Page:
Sunday, July 27, 2014

Yes, I Fell Off The Blogging Wagon ...


... mostly because I've been climbing on the real bicycle. Continuing to lose weight and build muscle. Not as fast as I'd like to, but steadily.

I was set to break 100 miles on the bike last week -- on a single-speed "beach cruiser" with out-of-true wheels and that probably needs a tuneup in other respects -- when I had a flat with no spare tube and couldn't find the hole to patch it (15 miles into a planned 30-mile ride; my "regular daily ride if I have nothing else going" is a little over 11 miles, but each Friday I pick some fairly distant place where I'd like to eat lunch and ride there and back to "earn it;" this week that place was Satchel's Pizza, a little over 14 miles from home -- had a slice of "The Major" and their made-on-the-spot, stevia-sweetened diet cola ... mmmm, good). I ended up at about 82 miles for the week, the last 11 on my son's mountain bike.

I'm looking at other bikes, and may buy one as early as tonight. I'd prefer to stay single-speed, but I'm awaiting reply from someone selling a 7-speed road bike right now -- it looks like the best thing going for the money I have to spend.

At commenter Shawn L's recommendation, I finally went and had a look/sit/brief pedal session on a recumbent bike. Interesting, but I just don't think it's for me. In addition to any decent recumbent bicycle being well out of my current price range (low three-figures -- VERY low three-figures unless I wait), it just doesn't feel right. I've been biking either sitting up straight or bending forward for about 40 years now. I like it. I suppose I might like recumbent biking better once I got used to it, but I don't want to get used to it ... at least not right now.

If I can get onto something comfortable, I'll have my first 100-mile week this week, and start working up from there.

Thursday, July 10, 2014

Short Notice -- Podcast Appearance!


I don't do radio or podcasts very often any more because frankly I find my own voice annoying as hell. But tonight I had an invitation I didn't want to refuse ...

I'll be calling in to talk with Mike Shipley on the Freedom Caucus Podcast (not sure if that link will include the live show, so here's a direct one to BlogTalkRadio). Likely topics include immigration and NOTA 2016, but who knows what else might pop up?

Tune in from 11pm to midnight eastern if you're interested. And you know you are.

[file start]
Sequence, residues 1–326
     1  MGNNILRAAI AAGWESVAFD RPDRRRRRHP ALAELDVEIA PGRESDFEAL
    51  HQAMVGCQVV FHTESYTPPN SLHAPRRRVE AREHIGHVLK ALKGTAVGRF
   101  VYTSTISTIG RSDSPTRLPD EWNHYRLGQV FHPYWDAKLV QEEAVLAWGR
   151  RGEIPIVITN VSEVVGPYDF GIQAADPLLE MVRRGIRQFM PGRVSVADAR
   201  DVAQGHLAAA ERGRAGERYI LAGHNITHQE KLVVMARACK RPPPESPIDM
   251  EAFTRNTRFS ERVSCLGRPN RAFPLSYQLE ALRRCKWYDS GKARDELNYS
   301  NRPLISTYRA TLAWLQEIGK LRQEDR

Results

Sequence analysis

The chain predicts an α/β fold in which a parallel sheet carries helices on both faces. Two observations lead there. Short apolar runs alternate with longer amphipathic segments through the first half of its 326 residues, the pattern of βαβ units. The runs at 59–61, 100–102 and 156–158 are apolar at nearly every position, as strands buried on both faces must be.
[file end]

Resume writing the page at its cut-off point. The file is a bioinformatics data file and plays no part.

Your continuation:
Better yet, let me see if I can get the embed code to work (but still visit the Freedom Caucus site even if you listen to the podcast from here -- just sayin' ...):

Popular Politics Internet Radio with Outright Arizona on BlogTalkRadio with Outright Arizona Radio Network on BlogTalkRadio

Bike Living Notes #1: I Know This Much Ain't True


I intend, somewhere in the 2020 timeframe, to ride a bicycle from the Atlantic to the Pacific (literally -- I plan to start at water's edge, with the waves lapping at my feet, in St. Augustine or thereabouts and end with my front wheel in the Pacific).

That gives me plenty of time to get with the essentials -- ramping up to riding long distances, learning how to maintain a bicycle myself and planning/setting up a "tiny house on a bike" rig.

Right now, I'm riding a $100 single-speed Huffy Cranbrook cruiser and I already know it's not a bike I can count on for a 3,000-mile tour. I had hoped to keep it going for another couple of years (it's about 18 months old right now), but I'll probably knuckle under and move to the next bike around the end of this year.

Have you ever tried to "true" bicycle wheels? I didn't even know it was a thing until I went looking. Once I did go looking and then turned the bike upside down and spun the wheels to learn that both front and rear were way out of lateral true, I went to work using web tutorials.

It took me about an hour to throw up my hands and decide it's not something I'm going to be able to do well myself. And looking at a local shop's prices, I see that "major truing" on two wheels will run me $50. On an 18-month old, $100 bike. By the time I replace the tires too (they're not bald but they're definitely showing wear), it would be like buying a whole new (cheap) bike!

So what I'm going to do is nurse this baby along awhile longer and just buy that new bike (it won't be quite as cheap, although if I find it used it may be less expensive ... as usual, watch me suddenly find a great deal on Craigslist and decide not to wait five more months). I'll cannibalize the old one for lights, bell, rack, basket and probably seat (it takes awhile to break a seat in right -- why not take it with me?) ... and I'll check how true the wheels are on the new one before I buy it (I'm pretty sure this one came with wheels out of true, although they've probably gotten worse over time), baby the new bike more, get an annual "tune-up" that includes "minor truing," etc.

I expect (read: Hope) the next bike will last for four or five years and that I can replace it a few months before the Big Trip (in time to shake down/break in the trip bike). In between now and then, I'll be riding longer distances and perfecting my "tiny house on a bike," as I expect to camp along the way almost every night (other than e.g. visiting friends and relatives en route). I already have a rear rack with a milk crate attached, but I'll be adding panniers (they hang off the sides on the rear) and so forth. Minimum weight and bulk for maximum utility is the goal there.

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